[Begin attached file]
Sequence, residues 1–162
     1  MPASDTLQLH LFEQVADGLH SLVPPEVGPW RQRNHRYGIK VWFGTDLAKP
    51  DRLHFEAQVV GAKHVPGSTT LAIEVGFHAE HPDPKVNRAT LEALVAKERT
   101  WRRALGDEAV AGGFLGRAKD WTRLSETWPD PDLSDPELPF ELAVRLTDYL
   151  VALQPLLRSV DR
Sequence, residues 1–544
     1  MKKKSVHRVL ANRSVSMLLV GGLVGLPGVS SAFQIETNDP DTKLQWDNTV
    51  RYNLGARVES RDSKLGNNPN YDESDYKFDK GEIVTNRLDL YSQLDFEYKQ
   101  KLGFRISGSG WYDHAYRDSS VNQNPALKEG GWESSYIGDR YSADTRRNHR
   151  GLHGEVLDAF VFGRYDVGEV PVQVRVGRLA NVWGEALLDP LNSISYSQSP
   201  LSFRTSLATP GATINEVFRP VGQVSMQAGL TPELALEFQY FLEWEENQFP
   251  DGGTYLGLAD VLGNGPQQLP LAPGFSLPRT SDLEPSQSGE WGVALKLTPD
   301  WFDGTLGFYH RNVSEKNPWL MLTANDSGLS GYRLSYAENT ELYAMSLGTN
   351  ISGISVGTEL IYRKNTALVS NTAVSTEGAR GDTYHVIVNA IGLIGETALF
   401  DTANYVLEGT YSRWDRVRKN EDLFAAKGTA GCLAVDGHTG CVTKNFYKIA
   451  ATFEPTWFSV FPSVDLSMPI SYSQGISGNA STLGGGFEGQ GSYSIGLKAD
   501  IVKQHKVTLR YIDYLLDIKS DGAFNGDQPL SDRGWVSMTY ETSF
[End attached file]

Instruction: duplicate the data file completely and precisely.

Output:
Sequence, residues 1–162
     1  MPASDTLQLH LFEQVADGLH SLVPPEVGPW RQRNHRYGIK VWFGTDLAKP
    51  DRLHFEAQVV GAKHVPGSTT LAIEVGFHAE HPDPKVNRAT LEALVAKERT
   101  WRRALGDEAV AGGFLGRAKD WTRLSETWPD PDLSDPELPF ELAVRLTDYL
   151  VALQPLLRSV DR
Sequence, residues 1–544
     1  MKKKSVHRVL ANRSVSMLLV GGLVGLPGVS SAFQIETNDP DTKLQWDNTV
    51  RYNLGARVES RDSKLGNNPN YDESDYKFDK GEIVTNRLDL YSQLDFEYKQ
   101  KLGFRISGSG WYDHAYRDSS VNQNPALKEG GWESSYIGDR YSADTRRNHR
   151  GLHGEVLDAF VFGRYDVGEV PVQVRVGRLA NVWGEALLDP LNSISYSQSP
   201  LSFRTSLATP GATINEVFRP VGQVSMQAGL TPELALEFQY FLEWEENQFP
   251  DGGTYLGLAD VLGNGPQQLP LAPGFSLPRT SDLEPSQSGE WGVALKLTPD
   301  WFDGTLGFYH RNVSEKNPWL MLTANDSGLS GYRLSYAENT ELYAMSLGTN
   351  ISGISVGTEL IYRKNTALVS NTAVSTEGAR GDTYHVIVNA IGLIGETALF
   401  DTANYVLEGT YSRWDRVRKN EDLFAAKGTA GCLAVDGHTG CVTKNFYKIA
   451  ATFEPTWFSV FPSVDLSMPI SYSQGISGNA STLGGGFEGQ GSYSIGLKAD
   501  IVKQHKVTLR YIDYLLDIKS DGAFNGDQPL SDRGWVSMTY ETSF